A few weeks ago, I wrote about the revelations by The Indianapolis Star of sexual abuse of teenagers and pre-teens by coaches and officials within and affiliated with USA Gymnastics.
At the time, IndyStar was aware of about 50 cases. Now they report they have uncovered through police files and court case documentation that hundreds of gymnasts have been abused in the past 20 years.
“At least 368 gymnasts have alleged some form of sexual abuse at the hands of their coaches, gym owners and other adults working in gymnastics. That’s a rate of one every 20 days. And it’s likely an undercount.”
The IndyStar’s most recent article on this travesty provides a fascinating analysis of a sports organization and its affiliated officials, coaches, and gym owners in denial. Here is a good chunk of that shocking analysis in full:
- USA Gymnastics focuses its efforts to stop sexual abuse on educating members instead of setting strict ground rules and enforcing them. It says it can’t take aggressive action because member gyms are independent businesses and because of restrictions in federal law pertaining to Olympic organizations. Both are contentions others dispute.
- Gym owners have a conflict of interest when it comes to reporting abuse. Some fear harm to their business. When confronted with evidence of abuse, many quietly have fired the suspected abusers and failed to warn future employers. Some of those dangerous coaches continued to work with children.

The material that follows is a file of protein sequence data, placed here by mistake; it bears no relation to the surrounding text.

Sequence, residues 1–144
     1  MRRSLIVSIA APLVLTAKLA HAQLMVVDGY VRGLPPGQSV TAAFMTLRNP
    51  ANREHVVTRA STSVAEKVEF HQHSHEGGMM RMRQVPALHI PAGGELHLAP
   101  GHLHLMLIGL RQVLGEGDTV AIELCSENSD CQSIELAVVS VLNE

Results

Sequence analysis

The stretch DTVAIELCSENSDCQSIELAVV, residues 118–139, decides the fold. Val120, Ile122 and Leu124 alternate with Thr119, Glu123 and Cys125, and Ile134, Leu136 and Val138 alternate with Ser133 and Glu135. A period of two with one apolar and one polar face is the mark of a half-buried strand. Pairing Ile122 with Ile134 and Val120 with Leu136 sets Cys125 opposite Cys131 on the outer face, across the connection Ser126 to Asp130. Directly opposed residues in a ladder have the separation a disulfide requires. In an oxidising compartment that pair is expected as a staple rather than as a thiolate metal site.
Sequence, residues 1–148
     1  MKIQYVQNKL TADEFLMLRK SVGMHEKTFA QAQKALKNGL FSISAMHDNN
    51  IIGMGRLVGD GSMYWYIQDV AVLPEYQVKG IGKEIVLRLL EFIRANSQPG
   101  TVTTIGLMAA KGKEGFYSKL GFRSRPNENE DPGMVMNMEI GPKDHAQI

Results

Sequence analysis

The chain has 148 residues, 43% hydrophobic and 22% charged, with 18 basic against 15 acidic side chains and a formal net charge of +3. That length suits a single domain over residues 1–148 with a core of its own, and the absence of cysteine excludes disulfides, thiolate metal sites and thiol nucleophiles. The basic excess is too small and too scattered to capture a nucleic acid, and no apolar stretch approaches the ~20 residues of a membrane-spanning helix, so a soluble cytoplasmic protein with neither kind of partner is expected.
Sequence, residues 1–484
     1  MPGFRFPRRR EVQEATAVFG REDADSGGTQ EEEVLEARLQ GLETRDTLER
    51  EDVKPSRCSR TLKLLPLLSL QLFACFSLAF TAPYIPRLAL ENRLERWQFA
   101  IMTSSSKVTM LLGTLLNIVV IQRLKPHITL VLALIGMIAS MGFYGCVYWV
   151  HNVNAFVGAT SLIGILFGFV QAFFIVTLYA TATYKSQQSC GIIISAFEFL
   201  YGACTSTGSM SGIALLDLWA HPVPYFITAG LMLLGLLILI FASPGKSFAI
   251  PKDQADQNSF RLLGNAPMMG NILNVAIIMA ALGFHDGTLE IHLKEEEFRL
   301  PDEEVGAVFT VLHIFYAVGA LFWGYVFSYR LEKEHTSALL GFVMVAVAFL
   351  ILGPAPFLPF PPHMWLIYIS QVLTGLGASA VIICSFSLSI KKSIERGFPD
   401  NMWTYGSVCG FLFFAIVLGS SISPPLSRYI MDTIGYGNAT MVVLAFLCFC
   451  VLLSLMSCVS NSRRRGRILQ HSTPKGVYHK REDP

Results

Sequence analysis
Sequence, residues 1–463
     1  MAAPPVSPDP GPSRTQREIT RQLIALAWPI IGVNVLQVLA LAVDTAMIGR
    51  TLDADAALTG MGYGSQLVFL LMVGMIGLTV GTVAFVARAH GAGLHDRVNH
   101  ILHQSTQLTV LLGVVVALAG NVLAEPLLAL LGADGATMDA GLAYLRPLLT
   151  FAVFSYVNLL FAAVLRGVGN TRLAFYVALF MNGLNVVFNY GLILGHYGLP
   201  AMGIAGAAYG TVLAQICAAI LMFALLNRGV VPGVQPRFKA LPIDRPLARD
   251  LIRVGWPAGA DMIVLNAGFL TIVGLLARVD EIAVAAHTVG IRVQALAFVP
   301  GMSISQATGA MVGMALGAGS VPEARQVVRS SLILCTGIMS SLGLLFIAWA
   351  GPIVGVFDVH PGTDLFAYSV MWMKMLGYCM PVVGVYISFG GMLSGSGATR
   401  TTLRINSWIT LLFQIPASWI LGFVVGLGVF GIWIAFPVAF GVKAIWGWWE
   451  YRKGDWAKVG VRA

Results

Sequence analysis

- Some coaches are fired at gym after gym without being tracked or flagged by USA Gymnastics, or losing their membership with the organization. USA Gymnastics often has no idea when a coach is fired by a gym and no systematic way to keep track. Ray Adams was fired or forced to resign from six gyms in four states. Yet some gym owners hired Adams, believing his record was clean.
- Though the vast majority of officials put children’s well-being ahead of business and competition, some officials at every level have not. Coaches suspected of abuse kept their jobs as long as they accepted special monitoring. Others were allowed to finish their season before being fired. In 2009, Doug Boger was named a USA Gymnastics Coach of the Year and was sent to international competition while under investigation for alleged sexual abuse.
- Victims’ stories have been treated with skepticism by USA Gymnastics officials, gym owners, coaches and parents. Former gymnasts Charmaine Carnes and Jennifer Sey said they felt pressured by Penny not to pursue allegations of abuse by prominent coaches Don Peters and Boger. Carnes said she thought Penny tried to keep the claims about Boger quiet for as long as possible to protect the sport’s image and win championships, a characterization that USA Gymnastics disputes.
Women’s gymnastics have made tremendous strides, winning team gold at the 2012 London Olympics as well as the 2016 Rio Olympics. But I’m curious – I’ve seen or read no reaction from the coaches and athletes at the apex of the USA Gymnastics pyramid: the Karolyis, the members of the women’s Olympic gymnastics team, and their parents. Their silence may be the result of counsel provided to them by the advisors that surround them. But at some point, they need to lead in this pivotal moment, this crisis of confidence in women’s gymnastics.